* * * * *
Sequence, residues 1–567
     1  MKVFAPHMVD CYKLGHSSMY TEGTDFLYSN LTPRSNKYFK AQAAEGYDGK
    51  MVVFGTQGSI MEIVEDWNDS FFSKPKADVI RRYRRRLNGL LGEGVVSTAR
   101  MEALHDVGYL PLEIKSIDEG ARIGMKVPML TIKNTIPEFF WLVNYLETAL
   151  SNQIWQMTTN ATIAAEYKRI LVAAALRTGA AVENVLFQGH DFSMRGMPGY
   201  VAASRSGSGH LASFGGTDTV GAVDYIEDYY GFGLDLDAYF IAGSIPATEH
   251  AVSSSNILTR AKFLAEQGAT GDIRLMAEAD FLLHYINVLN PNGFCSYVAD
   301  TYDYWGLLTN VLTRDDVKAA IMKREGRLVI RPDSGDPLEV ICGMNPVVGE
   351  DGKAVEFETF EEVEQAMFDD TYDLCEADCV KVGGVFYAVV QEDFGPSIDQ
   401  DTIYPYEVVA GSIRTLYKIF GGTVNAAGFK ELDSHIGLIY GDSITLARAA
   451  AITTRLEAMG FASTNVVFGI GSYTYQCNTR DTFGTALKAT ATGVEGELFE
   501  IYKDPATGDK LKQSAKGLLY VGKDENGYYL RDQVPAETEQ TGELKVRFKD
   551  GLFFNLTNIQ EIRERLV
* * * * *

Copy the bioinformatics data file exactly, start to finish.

Sequence, residues 1–567
     1  MKVFAPHMVD CYKLGHSSMY TEGTDFLYSN LTPRSNKYFK AQAAEGYDGK
    51  MVVFGTQGSI MEIVEDWNDS FFSKPKADVI RRYRRRLNGL LGEGVVSTAR
   101  MEALHDVGYL PLEIKSIDEG ARIGMKVPML TIKNTIPEFF WLVNYLETAL
   151  SNQIWQMTTN ATIAAEYKRI LVAAALRTGA AVENVLFQGH DFSMRGMPGY
   201  VAASRSGSGH LASFGGTDTV GAVDYIEDYY GFGLDLDAYF IAGSIPATEH
   251  AVSSSNILTR AKFLAEQGAT GDIRLMAEAD FLLHYINVLN PNGFCSYVAD
   301  TYDYWGLLTN VLTRDDVKAA IMKREGRLVI RPDSGDPLEV ICGMNPVVGE
   351  DGKAVEFETF EEVEQAMFDD TYDLCEADCV KVGGVFYAVV QEDFGPSIDQ
   401  DTIYPYEVVA GSIRTLYKIF GGTVNAAGFK ELDSHIGLIY GDSITLARAA
   451  AITTRLEAMG FASTNVVFGI GSYTYQCNTR DTFGTALKAT ATGVEGELFE
   501  IYKDPATGDK LKQSAKGLLY VGKDENGYYL RDQVPAETEQ TGELKVRFKD
   551  GLFFNLTNIQ EIRERLV